We had an exciting STEM Day, the celebration in Georgia of Science, Technology, Engineering and Math in the Georgia School System. HATponics participated in STEM Day through the unveiling of sustainable agriculture implementations in four Walker County Schools. Our day started with Gilbert Elementary, where an aquaponics system created from repurposed rain gutters was installed into an already existent fish pond. The system will be used to grow strawberries which will then be donated to the CARE Foundation.
Our next stop was Rossville Elementary where an Aquaponics system now runs the entire length of the school cafeteria. Ryan presented the students with a lesson on sustainable growing practices and the importance of caring for our environment and we will return on Monday with plants and fish to make the system operational. The students expressed overwhelming enthusiasm at the idea of being able to watch their food grow in the same room they eat in every day. The clear majority preference of food to grow was strawberries, except for an adamant group of third graders who demanded basil, and one fifth grader who wanted to plant a fig tree.
The next school was Rossville Middle School, who received our first HATcages, floating enclosures for free range cat fish with minimal environmental impact while providing easy harvesting.
Finally, we stopped at Ridgeland Highschool where a huge aquaponics greenhouse is already in place, as we have been working with them for the last year.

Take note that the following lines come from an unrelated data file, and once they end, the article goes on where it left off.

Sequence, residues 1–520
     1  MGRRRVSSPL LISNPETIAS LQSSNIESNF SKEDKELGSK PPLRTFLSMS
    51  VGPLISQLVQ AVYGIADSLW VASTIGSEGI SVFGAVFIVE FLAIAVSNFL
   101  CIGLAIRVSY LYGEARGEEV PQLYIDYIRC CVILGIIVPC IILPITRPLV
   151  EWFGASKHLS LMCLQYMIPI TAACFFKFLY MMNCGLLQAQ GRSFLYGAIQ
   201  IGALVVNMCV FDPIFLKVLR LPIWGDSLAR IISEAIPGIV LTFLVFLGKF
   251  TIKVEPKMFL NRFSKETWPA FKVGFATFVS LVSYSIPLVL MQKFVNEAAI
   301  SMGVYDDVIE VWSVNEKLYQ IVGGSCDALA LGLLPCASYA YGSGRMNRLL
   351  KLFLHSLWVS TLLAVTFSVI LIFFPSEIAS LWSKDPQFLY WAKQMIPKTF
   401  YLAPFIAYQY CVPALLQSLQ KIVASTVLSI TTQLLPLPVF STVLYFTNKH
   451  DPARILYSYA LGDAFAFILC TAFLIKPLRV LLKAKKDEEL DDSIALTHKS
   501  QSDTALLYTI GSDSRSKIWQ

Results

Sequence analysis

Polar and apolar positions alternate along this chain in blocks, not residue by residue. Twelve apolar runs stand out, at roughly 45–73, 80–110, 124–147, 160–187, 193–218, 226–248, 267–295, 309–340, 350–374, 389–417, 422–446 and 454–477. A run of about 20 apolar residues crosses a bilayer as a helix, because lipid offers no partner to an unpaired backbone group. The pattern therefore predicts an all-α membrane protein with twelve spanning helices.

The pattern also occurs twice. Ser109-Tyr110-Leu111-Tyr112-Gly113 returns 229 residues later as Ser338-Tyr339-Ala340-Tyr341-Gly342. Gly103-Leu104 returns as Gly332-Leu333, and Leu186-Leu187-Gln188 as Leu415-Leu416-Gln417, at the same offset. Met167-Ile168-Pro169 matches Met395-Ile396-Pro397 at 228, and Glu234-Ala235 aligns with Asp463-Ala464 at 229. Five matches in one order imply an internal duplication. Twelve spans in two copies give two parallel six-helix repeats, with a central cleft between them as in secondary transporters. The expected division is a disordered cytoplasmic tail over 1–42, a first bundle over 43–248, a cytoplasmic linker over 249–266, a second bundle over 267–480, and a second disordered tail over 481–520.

One of the questions we got asked from a younger grade was, “when we go on and leave this school will we be able to come back and visit our gardens?” And it was wonderful to be able to tell them not to worry, because aquaponics will accompany them at all grade levels, making Walker County, Georgia the first school system in America to have aquaponics be a part of their curriculum all the way from kindergarten to college. We hope that many other counties follow suit and that every child in America has the opportunity to learn ways to grow their own food in sustainable methods. The deeper implications are that kids who grow up around sustainable agriculture will continue to embrace it and it will remain part of their lives forever. Many students today do not even know where their food comes from, kids from another school we visited once said they would like to grow pizza and peanut butter and jelly sandwiches. By educating children early on, we are preparing them to be our farmers of tomorrow, and helping them to discover ways to do so ethically with environmental consciousness.